Canadian Methodist Women, 1766-1925
Marys, Marthas, Mothers in Israel
Canadian Methodist women, like women of all religious traditions, have expressed their faith in accordance with their denominational heritage. Canadian Methodist Women, 1766-1925: Marys, Marthas, Mothers in Israel analyzes the spiritual life and the varied activities of women whose faith helped shape the life of the Methodist Church and of Canadian society from the latter half of the eighteenth century until church union in 1925.
Based on extensive readings of periodicals, biographies, autobiographies, and the records of many women’s groups across Canada, as well as early histories of Methodism, Marilyn FÃ¤rdig Whiteley tells the story of ordinary women who provided hospitality for itinerant preachers, taught Sunday school, played the melodeon, selected and supported women missionaries, and taught sewing to immigrant girls, thus expressing their faith according to their opportunities. In performing these tasks they sometimes expanded women’s roles well beyond their initial boundaries.
Focusing on religious practices, Canadian Methodist Women, 1766-1925 provides a broad perspective on the Methodist movement that helped shape nineteenth- and early-twentieth-century Canadian society. The use and interpretation of many new or little-used sources will interest those wishing to learn more about the history of women in religion and in Canadian society.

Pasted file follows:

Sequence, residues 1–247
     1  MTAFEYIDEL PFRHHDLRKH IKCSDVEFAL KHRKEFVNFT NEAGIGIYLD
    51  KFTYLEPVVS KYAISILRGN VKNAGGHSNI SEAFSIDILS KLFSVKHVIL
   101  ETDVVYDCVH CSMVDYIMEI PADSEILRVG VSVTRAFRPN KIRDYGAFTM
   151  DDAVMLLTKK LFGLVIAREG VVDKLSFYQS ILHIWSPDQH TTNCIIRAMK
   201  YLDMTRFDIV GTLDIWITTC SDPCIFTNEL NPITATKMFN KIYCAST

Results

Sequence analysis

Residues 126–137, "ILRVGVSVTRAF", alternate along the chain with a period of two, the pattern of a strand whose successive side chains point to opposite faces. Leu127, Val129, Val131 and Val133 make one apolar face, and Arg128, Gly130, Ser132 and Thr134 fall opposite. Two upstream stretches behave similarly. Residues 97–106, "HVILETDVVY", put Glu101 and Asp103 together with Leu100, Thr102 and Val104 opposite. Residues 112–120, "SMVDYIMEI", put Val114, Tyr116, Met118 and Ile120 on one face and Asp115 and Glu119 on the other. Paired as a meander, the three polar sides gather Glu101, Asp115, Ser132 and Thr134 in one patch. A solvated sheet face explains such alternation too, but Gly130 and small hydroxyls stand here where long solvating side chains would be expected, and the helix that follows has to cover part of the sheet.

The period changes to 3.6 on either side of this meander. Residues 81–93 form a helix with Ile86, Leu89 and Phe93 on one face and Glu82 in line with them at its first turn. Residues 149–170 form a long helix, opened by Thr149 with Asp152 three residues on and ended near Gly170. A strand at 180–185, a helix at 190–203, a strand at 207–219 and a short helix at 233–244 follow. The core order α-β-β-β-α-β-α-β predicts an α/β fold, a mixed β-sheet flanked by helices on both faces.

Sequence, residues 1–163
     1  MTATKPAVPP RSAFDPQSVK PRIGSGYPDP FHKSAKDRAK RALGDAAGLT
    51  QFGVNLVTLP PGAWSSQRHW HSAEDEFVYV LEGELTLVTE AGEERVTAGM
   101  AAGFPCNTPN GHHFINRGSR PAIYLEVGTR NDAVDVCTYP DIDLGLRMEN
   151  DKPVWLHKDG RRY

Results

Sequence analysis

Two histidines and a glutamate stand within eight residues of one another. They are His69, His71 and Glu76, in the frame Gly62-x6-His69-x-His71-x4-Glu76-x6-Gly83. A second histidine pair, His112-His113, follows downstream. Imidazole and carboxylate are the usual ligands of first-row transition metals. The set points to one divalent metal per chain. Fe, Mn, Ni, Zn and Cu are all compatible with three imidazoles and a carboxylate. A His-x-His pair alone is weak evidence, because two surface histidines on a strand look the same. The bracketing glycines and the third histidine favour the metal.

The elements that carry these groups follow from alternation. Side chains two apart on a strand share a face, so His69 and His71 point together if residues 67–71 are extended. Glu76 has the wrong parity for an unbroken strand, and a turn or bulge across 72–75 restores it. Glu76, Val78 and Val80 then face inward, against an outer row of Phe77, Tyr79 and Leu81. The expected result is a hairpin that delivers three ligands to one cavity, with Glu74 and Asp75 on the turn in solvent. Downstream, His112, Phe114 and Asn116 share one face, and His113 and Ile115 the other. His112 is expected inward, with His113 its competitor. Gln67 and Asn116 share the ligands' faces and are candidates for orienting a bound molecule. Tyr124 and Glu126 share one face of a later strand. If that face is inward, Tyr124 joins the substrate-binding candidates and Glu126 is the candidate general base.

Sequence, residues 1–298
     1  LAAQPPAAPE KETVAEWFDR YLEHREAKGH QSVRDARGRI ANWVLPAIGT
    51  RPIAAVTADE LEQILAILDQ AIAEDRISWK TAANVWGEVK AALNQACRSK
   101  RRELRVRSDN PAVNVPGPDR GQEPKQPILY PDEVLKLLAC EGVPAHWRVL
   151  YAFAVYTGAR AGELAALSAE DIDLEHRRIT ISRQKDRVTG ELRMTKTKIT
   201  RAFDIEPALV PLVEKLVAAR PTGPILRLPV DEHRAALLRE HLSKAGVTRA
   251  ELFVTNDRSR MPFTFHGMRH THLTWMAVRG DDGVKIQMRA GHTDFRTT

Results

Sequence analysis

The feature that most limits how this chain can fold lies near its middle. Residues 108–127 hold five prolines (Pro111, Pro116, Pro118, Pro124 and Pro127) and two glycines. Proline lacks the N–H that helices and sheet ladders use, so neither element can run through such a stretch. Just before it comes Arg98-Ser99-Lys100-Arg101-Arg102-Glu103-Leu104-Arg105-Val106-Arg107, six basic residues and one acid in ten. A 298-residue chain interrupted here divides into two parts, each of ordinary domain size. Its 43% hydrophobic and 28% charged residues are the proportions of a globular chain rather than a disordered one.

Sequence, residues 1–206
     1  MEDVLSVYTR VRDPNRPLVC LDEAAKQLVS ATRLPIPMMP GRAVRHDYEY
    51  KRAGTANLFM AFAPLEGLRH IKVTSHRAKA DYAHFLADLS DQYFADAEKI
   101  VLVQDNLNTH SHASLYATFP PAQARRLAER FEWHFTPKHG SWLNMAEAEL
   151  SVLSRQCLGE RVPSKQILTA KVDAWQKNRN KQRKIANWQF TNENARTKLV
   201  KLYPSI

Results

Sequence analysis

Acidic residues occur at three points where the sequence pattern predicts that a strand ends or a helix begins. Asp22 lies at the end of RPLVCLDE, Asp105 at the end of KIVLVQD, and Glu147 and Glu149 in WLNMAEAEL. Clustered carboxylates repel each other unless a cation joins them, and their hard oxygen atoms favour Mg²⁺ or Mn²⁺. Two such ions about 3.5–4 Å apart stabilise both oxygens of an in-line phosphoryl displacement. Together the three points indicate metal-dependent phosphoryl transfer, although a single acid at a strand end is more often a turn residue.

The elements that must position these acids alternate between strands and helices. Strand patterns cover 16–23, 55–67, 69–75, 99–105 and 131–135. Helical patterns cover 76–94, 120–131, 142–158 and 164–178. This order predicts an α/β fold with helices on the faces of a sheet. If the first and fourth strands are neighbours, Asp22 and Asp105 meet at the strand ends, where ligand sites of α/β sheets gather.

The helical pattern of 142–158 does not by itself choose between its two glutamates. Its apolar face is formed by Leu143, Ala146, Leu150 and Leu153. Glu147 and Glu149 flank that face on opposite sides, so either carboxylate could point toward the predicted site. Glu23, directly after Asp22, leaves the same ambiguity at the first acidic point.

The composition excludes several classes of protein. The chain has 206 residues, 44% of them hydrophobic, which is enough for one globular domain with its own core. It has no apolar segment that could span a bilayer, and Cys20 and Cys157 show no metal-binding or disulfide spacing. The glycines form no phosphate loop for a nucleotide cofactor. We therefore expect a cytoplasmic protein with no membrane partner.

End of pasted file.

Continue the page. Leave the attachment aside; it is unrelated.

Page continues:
``Whiteley's accounts are agreeably readable, and she provides appropriate and vivid images of representative figures such as Annie Leake, Nellie McClung, and Elizabeth Sutherland Strachan. ''- Jay Newman, Canadian Book Review Annual, 2006
``A magnificent story. ..[that] enlarges, transforms and enhances the entire Methodist movement. ...Those formerly in the background are brought forward. ''- Eldon Hay, Touchstone
``This book is necessary reading for those interested in Canadian women's history and specifically the history of women in social and religious movements. Marilyn Färdig Whiteley makes it clear that for the nineteenth century the social and religious were inextricably connected. The result of extensive archival research, Canadian Methodist Women provides both a deep understanding of the pervasiveness of the Methodist Church, and a chronological narrative of women's activism within and beyond the church. Chapters on ministers' wives, Methodist and family life, prayer meetings and revivals, ladies' aid societies, mission wives and missionary women, community outreach work, and Methodism and the social gospel movement, all point to the great extent to which women kept Methodism alive in early Canada. ... Marily Fädig Whiteley is to be congratulated for her efforts at brining these Methodist women's stories to light. ''- Myra Rutherdale, University of Toronto Quarterly, Volume 77, Number 1, Winter 2008